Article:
The first week we brought Shaniqe and Dutchess home was not an easy one.  I had to stand by and watch as Shaniqe made her position known to Dutchess and to us.  It got so bad that one morning Shaniqe had an open area on top of her head and Dutchess had the matching blood stain on hers.  I think that was part of the reason Dutchess would run when nighttime fell and I tried to lock them in the same barn at night.  She was getting the crap beat out of her.  Dutchess is still very timid around Shaniqe and always maintains a safe distance.  After all of the goings on between those two for the first week it is amazing to see how they both interact now.  Each one knows their place and they seem to respect that.  As rotten as Shaniqe has been she still always makes sure that Dutchess is ok and will protect her if Dutch tries to get too playful.  On the other hand that little Dutchess is a feisty one and she does stand up for herself at all costs.  She did give Shaniqe the business when she had too much, which was good because I was silently cheering her on.  All the books say not to interfere unless there is danger of someone getting hurt.  It is just the way of the herd, it is nature and you have to let nature run its course.  Well I ended up separating them at night because I just couldn’t take it, but even that was hard because they would cry and I could hear them trying to reach up over the wall in the barn to be with each other.  I just didn’t know what the right thing to do was at the time.  So that led us to getting 2 more goats.  We were going to wait until spring but the opportunity presented itself and we felt that maybe that would ease some of the pressure off of poor little Dutchess.  The first few nights the whole thing started all over again this time Shaniqe was after everybody including the baby Bambi. The hubs immedietaley built a wall dividing the barn in half and we separated everyone once again.  Dutchess moved in with Cajeta and Bambi and Shaniqe was on her own.  It has been a week now and I’m happy and relieved to say that all is well. They all share the same side of the barn now, sleeping in their chosen spots, together as one herd.  There is no blood, or boo-boos and Bambi is nestled snuggly with Cajeta.  Dutchess is still a loner but that too I believe is in her nature.  Even with us she keeps to herself and isn’t overly affectionate.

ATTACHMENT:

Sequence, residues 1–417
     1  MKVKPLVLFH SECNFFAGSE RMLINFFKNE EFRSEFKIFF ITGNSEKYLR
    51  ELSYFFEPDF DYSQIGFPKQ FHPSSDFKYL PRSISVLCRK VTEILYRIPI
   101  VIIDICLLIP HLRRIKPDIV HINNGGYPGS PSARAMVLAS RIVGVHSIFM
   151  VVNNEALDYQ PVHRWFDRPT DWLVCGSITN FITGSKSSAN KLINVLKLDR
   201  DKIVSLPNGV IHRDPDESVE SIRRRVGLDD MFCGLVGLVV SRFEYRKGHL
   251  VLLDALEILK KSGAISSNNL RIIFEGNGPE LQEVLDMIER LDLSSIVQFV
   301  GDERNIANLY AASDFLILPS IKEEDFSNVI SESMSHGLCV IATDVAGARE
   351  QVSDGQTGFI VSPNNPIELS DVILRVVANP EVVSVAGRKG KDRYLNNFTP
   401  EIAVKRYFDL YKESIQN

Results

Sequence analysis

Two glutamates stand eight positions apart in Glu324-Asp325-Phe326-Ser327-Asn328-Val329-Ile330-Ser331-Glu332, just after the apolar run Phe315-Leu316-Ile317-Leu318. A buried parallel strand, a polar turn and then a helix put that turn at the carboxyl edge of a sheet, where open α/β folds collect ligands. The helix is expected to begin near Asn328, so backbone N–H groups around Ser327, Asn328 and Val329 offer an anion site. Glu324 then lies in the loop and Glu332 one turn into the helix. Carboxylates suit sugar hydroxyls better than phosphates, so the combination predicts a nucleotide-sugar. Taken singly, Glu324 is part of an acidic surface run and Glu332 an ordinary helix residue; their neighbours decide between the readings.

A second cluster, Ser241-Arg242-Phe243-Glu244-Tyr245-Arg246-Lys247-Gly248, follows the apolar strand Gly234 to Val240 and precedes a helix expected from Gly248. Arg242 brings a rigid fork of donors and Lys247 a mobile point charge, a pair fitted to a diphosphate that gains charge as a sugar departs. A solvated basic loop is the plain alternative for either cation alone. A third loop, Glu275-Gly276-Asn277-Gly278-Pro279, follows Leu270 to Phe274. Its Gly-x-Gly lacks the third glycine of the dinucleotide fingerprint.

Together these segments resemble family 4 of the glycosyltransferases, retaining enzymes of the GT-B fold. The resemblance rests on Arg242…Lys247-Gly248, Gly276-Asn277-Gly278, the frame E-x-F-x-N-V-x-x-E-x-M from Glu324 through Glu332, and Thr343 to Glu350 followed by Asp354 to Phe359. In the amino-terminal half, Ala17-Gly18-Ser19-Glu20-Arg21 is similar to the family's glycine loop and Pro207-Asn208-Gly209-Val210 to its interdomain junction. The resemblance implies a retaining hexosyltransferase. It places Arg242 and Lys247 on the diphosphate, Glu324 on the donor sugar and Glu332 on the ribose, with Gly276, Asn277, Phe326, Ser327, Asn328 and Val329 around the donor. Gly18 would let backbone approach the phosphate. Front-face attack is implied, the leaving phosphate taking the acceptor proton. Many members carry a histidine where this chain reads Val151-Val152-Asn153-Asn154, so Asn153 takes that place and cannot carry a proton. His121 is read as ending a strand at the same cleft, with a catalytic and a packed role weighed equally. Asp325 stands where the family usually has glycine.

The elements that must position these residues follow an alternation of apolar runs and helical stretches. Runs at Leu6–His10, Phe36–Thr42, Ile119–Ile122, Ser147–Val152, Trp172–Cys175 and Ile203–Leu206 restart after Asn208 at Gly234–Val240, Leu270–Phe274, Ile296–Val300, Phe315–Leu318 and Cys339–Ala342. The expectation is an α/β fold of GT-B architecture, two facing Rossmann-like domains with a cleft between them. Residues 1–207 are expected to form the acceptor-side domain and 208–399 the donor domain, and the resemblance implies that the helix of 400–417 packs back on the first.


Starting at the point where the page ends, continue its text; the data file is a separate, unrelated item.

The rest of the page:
Yesterday I let everyone loose to do their own thing and see how they would all get along (except the Dutch who I had to keep on leash until he learns a little more self control).  Chickens, Roo and Goats all doing what chickens, roos and goats should be doing, and doing it together.  I think our farm family will be just fine, like with any family there is always someone that has to be a pain but you can’t help but love them anyway.  I do.  I love them all anyway.


Look at that face.  How could I not?

2 thoughts on “Our Farm Family

  1. They are all quite beautiful and it is no wonder you are in love with your “family”!! You have created quite the life for yourself, an awesome one at that!!